Private equity firms are investment management companies that acquire private businesses by pooling capital provided from high net worth individuals (HNWI) and institutional investors. As a PE professional, hence you will be involved in activities and decisions that create new businesses, turnaround old, ailing ones, and grow the promising ones with greater vigor. You will be a part of PE teams that buy a stake in a target company or go in for an outright buyout or engage in “leveraged buyouts” (LBO),
You may also be involved in creating and growing Private equity funds by raising money from other investors and larger funds, who want to make more money by acquiring stake in companies that are in need of capital and restructuring, that are already bringing in revenue, and that can be made more profitable. Of course, since you’ll be raising all this money privately, nothing would show up in public exchanges or stock markets.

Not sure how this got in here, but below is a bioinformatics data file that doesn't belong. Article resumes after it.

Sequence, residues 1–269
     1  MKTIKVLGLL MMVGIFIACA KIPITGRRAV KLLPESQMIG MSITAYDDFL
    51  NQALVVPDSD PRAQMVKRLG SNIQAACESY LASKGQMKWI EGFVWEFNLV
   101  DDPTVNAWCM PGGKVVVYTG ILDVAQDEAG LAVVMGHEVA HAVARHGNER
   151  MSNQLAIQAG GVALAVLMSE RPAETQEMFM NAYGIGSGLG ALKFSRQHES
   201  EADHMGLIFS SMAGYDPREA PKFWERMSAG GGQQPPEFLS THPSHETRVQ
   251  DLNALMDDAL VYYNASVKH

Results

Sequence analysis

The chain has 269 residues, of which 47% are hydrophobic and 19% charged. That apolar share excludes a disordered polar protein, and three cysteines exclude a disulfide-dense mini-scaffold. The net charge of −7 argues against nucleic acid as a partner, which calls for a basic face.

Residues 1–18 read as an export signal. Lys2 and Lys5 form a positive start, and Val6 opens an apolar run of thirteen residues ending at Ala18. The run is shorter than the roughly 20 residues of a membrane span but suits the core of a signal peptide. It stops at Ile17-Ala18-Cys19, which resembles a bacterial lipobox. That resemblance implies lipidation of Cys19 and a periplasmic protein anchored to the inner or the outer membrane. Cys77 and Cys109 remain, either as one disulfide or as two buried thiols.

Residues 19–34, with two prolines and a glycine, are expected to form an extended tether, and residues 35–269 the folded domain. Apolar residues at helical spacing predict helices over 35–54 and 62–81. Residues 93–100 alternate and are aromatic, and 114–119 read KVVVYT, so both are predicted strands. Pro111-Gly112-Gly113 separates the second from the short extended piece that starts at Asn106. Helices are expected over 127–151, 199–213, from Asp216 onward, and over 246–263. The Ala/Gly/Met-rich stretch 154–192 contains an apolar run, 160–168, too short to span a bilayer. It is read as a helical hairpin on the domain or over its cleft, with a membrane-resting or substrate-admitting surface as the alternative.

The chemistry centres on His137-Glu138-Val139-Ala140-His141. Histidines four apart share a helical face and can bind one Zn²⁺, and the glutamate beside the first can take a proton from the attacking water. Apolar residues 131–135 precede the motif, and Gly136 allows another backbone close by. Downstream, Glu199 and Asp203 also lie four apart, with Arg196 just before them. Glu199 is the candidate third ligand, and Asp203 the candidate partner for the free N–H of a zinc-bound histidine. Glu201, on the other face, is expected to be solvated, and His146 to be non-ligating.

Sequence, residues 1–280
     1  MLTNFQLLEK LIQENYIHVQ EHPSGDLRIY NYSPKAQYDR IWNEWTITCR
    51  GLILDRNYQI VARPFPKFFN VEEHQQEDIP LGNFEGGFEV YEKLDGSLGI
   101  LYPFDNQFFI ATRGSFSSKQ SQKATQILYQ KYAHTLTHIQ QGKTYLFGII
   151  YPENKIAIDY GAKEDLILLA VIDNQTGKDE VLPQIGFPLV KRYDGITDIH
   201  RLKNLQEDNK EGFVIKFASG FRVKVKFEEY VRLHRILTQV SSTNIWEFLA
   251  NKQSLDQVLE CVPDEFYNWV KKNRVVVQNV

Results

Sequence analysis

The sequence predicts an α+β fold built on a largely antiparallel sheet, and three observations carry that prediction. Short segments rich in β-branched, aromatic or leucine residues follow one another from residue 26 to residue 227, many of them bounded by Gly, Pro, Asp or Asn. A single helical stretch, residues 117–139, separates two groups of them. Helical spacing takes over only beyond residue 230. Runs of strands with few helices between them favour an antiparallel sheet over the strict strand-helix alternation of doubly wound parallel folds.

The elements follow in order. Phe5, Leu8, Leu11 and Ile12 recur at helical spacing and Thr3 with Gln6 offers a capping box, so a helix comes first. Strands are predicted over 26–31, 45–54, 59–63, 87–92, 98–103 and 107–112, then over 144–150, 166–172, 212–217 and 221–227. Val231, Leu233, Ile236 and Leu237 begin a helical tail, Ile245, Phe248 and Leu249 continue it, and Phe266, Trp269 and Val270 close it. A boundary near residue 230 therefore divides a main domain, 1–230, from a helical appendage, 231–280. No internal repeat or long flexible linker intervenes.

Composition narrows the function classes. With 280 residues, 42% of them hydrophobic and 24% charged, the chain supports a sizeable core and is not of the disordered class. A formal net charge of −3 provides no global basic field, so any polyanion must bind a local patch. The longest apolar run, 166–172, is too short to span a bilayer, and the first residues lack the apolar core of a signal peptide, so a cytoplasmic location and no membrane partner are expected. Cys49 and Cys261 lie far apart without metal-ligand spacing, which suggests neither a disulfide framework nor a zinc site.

Since PE is a complex, capital-intensive and leadership dependent business, only the best financial and business brains and groups operate PE businesses. As a professional, hence, you’d always be working with the best employers and the best teams – like those in TPG, Blackstone, The Carlyle Group, Bain Capital, and Kohlberg Kravis Roberts (KKR), SoftBank among others.